Watching movies in the cinema is a form of entertainment most love but is not accessible to many.
As Pakistani cinema goes through a revival after decades of being marred by Indian movies, a programme is working on making the experience of a cinema house accessible to all.
Parday Pe Rehnay do or Cinema on the Wheels is a programme aimed at helping preserve local cinema, including classical films, musical records and magazines, by making it accessible to everyone.
Commercial Producer Akhlaq Mahesar has come up with a hope of resurgence with an aim to deliver the experience of a cinema at the doorsteps of the unprivileged. In an attempt to keep cinema alive, this venture will showcase Pakistani films in slum areas, villages and other remote areas of the country.
The launch of the venture kicked off on Friday at the TCP Godown area with a heart-touching rendition of the national anthem.
“We can’t bring them here but we can go to them and provide them with the experience of a cinema,” Ahklaq said as he took the stage to explain the project.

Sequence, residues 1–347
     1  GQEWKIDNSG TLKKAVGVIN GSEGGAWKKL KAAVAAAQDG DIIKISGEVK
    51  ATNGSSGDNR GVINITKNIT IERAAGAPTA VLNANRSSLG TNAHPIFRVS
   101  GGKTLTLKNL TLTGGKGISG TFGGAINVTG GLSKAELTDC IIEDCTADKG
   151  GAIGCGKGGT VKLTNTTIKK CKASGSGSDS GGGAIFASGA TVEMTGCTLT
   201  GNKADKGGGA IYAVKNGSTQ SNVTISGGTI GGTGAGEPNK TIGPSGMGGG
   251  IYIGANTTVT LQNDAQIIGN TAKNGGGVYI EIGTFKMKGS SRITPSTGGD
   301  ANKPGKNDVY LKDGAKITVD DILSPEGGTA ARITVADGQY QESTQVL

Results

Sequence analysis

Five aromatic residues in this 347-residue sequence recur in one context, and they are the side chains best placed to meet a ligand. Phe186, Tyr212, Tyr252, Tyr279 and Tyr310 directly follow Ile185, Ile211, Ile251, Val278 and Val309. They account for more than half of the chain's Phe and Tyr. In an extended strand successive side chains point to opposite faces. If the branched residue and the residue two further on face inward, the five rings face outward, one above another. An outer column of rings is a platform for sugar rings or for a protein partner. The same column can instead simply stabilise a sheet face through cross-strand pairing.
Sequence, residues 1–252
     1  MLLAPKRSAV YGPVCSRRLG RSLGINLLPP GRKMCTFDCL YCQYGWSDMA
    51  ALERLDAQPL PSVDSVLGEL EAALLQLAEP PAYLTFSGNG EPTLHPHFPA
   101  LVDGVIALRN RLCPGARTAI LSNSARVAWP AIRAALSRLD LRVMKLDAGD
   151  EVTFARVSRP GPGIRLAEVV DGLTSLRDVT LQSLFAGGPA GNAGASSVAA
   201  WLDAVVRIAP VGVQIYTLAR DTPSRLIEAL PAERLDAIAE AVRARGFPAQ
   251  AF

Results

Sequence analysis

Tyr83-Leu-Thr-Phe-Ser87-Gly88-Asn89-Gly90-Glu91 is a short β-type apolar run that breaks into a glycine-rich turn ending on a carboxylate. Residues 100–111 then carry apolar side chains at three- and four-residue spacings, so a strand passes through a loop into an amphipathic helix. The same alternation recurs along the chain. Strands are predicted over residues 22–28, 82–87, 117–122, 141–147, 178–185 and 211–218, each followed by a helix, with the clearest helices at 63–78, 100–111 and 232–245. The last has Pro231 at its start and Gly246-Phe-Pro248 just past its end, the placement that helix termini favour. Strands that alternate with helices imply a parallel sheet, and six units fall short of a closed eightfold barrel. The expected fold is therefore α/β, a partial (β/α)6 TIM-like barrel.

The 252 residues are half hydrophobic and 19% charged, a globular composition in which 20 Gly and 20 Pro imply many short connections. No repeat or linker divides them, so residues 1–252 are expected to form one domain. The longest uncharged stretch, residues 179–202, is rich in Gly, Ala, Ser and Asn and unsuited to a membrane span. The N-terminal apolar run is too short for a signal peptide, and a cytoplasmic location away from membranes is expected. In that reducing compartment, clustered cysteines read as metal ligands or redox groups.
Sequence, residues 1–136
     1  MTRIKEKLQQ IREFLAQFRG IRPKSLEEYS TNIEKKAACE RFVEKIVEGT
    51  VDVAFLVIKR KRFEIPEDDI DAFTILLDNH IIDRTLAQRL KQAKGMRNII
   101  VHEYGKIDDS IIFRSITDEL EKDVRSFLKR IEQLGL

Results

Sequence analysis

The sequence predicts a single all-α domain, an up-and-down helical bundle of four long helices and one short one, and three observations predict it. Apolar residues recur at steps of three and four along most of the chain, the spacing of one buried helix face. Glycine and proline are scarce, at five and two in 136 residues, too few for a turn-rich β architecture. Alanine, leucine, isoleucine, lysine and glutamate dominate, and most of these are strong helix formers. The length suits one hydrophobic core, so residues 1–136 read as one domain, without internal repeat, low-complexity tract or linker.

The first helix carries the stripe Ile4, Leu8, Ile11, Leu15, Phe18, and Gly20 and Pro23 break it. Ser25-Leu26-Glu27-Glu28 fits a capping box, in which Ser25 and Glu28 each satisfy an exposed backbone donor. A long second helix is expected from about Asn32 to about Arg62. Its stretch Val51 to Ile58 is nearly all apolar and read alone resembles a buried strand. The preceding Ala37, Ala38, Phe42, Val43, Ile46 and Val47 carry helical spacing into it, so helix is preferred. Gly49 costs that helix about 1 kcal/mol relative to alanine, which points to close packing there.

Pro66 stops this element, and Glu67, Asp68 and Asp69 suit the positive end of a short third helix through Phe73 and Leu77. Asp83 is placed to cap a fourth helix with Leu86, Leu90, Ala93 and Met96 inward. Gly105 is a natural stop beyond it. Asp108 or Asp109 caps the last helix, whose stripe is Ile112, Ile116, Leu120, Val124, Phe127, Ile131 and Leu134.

Subsequently, a number of disadvantaged children were shown films screened at the occasion. A corridor called the Memory Lane, consisting of movie posters dating as far back as 1949 was also incorporated. Desi food and ethnic props gave the event a rustic style.
Lollywood veteran Mustufa Qureshi was the chief guest of the event. “This initiative will help us grow and reach the masses. It will spread awareness about Pakistani film industry, particularly the new generation about our roots,” he said.
Speaking to The Express Tribune, excited TV actor Hassan Ahmed said, “It is an out-of-the-box idea. So many people are doing it but this revival is good if it happens on a big scale like this.”
Late film star Waheed Murad’s son Adil Murad was also present at the event. “This is progression and we will take this forward. We need to elevate our films and make them approachable for everyone,” he said.
“It feels great how Pakistani cinema is being supported and benefited. It’s a good initiative,” Zara Yaad Ker star Sana Javed told The Express Tribune.
We believe, this ‘kind of’ a portable cinema for the underprivileged in Pakistan is a commendable initiative, to say the least.
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